Psychology of product & cash sponsorships

Let your friends know what you read

Share on facebook
Share on telegram
Share on whatsapp
Share on linkedin

There will be 2 paragraphs worth of definitions. So bear with me!

Sponsorship works by association rather than persuasion. The general idea is that the act of giving results in the recipient having a strong positive emotional response termed the “halo effect” towards the sponsor.


Consumer attitudes can be moulded through the act of giving. This plays a big part in effective sponsorship from the company’s perspective; the ultimate goal of corporate sponsorship is to influence recipients and form a positive attitude towards the brand which will result in positive behaviours from consumers such as purchases or positive words of mouth etc. This concept is heavily used by major brands such as Coca-cola, Milo, Grab who acquired a large part of the market share by altering the brand’s beliefs/perception.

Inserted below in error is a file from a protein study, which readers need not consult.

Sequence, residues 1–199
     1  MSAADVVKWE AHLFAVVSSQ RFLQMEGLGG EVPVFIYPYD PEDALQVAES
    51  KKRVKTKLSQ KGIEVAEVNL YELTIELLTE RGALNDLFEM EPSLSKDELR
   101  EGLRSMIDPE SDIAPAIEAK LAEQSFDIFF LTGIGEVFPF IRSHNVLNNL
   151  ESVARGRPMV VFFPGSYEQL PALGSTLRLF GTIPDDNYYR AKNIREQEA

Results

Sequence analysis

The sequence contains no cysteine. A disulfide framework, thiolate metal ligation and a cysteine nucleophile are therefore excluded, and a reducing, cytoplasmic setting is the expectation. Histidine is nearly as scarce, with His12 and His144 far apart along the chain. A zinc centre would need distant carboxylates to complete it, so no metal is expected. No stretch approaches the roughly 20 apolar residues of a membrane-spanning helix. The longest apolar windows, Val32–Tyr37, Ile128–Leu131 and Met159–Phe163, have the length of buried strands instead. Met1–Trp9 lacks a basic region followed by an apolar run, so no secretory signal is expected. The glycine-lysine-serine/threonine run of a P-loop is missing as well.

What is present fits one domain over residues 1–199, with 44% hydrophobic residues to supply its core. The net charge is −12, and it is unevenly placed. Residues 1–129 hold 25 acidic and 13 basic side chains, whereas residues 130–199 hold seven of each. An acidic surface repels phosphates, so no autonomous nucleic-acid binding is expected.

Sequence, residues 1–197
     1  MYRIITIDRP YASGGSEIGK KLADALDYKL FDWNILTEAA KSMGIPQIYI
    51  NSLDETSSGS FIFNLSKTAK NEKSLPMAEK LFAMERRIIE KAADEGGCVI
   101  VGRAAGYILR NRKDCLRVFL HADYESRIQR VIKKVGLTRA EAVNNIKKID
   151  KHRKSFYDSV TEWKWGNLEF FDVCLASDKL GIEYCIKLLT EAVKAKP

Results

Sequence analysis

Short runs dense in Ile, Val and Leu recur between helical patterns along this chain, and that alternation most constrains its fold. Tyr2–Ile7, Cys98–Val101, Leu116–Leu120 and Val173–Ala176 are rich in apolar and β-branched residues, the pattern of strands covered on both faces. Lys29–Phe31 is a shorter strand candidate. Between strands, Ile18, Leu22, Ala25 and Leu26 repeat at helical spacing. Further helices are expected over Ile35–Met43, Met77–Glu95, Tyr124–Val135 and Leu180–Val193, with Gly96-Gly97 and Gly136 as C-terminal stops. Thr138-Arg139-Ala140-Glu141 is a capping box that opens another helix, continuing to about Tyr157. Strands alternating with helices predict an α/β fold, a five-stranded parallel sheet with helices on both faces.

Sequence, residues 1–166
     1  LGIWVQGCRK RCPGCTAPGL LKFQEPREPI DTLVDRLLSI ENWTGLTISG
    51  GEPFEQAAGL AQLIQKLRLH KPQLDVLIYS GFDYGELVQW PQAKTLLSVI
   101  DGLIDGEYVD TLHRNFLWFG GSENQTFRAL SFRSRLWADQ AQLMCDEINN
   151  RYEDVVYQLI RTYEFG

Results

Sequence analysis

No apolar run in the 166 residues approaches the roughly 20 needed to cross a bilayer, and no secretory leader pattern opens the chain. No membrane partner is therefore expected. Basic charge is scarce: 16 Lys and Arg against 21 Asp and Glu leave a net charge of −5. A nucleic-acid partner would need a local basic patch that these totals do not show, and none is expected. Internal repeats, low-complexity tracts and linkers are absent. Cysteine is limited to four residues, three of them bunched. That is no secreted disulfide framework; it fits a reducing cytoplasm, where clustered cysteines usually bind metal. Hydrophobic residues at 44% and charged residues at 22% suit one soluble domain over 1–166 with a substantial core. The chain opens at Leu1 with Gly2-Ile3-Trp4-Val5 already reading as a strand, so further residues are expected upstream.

To put it simply, this means that sponsors leverage their sponsorship as a marketing strategy. However, sponsorships ARE NOT marketing managers main goals – it is merely a side task that might allow them to conduct certain activities to potentially hit their KPI (Key Performance Indicator). Some examples include increasing brand awareness, increasing sales and improving brand image.

Most of the time, brands are looking into ways to stretch their marketing budget, in hopes to gain the most for the least cost. Usually, companies are looking to make an impact on large groups of people. Hence, events are the perfect platform for them to gain exposure. The bigger the event, the more people will be exposed to the company’s brand, the higher the brand visibility. 


Moreover, most companies are willing to help student-run events because marketing managers can often relate to these students considering that they were once in that position as well. This can simultaneously strengthen the business image in terms of spreading positive messages and helping the community.